4 Claims, No Drawings 1 POLYMER COMPOSITION COMPRISING VINYLMONOMER-BUTADIENE POLYMER GRAFT COPOLYMER AND A POLYESTER REFERENCE TO PRIOR APPLICATIONS This is a continuation-in-part of copending application Ser. No. 775,161, filed Nov. 12, 1968 now US. Pat. 3,577,478 and Ser. No. 544,817, filed Apr. 25, 1966, now abandoned.

BACKGROUND OF THE INVENTION 1. Field of Invention This invention relates to novel polymer compositions and to processes for producing them. More particularly, the invention relates to novel polymers having unexpectedly high impact strength in combination with high tensile strength produced by an emulsionsuspension polymerization method.

Industry is constantly in search of new and improved polymer compositions suitable for producing molded articles, laminates, extruded products, protective coatings, and the like. It is the objective of this invention to provide such polymer compositions that have many improved properties, such as higher impact strength, without reduction in tensile strength orv heat distortion point.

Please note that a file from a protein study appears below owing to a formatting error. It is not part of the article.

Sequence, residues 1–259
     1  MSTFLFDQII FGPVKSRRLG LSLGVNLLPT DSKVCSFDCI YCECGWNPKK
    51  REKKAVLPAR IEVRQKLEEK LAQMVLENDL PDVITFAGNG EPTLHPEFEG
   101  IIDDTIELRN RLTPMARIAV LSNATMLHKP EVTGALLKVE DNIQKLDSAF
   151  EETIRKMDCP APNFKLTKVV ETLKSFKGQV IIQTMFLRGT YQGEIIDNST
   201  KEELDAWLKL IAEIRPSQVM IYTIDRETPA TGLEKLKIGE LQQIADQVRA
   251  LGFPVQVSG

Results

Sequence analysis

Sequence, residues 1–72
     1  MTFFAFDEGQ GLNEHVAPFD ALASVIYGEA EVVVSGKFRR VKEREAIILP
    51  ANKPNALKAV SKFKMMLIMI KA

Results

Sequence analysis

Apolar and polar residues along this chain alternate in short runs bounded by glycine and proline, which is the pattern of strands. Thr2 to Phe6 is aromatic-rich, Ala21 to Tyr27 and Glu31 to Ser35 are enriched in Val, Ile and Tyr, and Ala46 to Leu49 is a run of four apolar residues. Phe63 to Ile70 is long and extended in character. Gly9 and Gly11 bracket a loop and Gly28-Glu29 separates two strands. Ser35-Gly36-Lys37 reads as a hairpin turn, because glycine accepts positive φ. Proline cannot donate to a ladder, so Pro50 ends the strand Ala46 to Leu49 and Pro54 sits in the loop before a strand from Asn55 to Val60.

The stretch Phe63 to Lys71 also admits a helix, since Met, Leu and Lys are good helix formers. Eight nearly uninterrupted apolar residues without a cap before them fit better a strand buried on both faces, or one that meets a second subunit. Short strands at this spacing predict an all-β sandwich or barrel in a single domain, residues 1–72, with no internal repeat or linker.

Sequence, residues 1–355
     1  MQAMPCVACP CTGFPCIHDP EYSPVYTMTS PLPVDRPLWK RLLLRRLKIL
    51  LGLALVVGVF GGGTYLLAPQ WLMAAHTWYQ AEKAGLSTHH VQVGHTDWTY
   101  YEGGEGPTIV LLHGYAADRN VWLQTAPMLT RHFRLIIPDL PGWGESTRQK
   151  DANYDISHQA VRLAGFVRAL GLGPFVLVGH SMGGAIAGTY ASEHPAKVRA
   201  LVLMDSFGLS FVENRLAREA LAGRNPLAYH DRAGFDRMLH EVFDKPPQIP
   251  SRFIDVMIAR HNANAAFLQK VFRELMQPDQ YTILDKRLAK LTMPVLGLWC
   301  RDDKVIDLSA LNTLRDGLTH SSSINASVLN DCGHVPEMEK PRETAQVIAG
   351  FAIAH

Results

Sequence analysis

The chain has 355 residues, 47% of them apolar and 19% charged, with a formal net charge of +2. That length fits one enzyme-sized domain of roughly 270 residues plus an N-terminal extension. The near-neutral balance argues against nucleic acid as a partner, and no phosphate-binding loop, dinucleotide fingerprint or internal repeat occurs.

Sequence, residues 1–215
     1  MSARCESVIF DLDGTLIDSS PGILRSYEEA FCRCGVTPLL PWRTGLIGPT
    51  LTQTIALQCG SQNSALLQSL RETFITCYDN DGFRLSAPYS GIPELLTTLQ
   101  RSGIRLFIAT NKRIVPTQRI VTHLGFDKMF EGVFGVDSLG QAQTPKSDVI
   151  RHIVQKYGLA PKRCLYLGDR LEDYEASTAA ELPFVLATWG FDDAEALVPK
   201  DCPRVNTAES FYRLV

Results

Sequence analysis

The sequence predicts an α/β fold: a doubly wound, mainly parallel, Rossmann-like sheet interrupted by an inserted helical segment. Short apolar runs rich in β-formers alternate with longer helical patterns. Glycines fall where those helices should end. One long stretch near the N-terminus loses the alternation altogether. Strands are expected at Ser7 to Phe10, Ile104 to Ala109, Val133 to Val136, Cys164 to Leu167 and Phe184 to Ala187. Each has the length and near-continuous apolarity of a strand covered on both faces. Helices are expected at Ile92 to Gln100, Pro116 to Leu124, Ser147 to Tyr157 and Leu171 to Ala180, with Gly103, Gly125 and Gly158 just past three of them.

2. Description of the Prior Art Graft copolymers of conjugated diolefin polymer latex or a conjugated diolefin-vinyl aromatic hydrocarbon copolymer latex with a mixture of a vinyl aromatic hydrocarbon or an alkyl aryl vinylidene and vinyl cyanide or a vinyl cyanide type compound are known. Graft copolymers of polybutadiene latex with a mixture of styrene and acrylonitrile and graft copolymers of butadiene styrene copolymer latex with a mixture of styrene and acrylonitrile arespecific examples of such graft copolymers. These copolymers are solid thermoplastic materials of high commercial utility which are hard and tough materials of good impact strength eminantly suited for use in the production of structural shapes such as pipe, luggage, radio cabinets, automobile instruments panels, etc.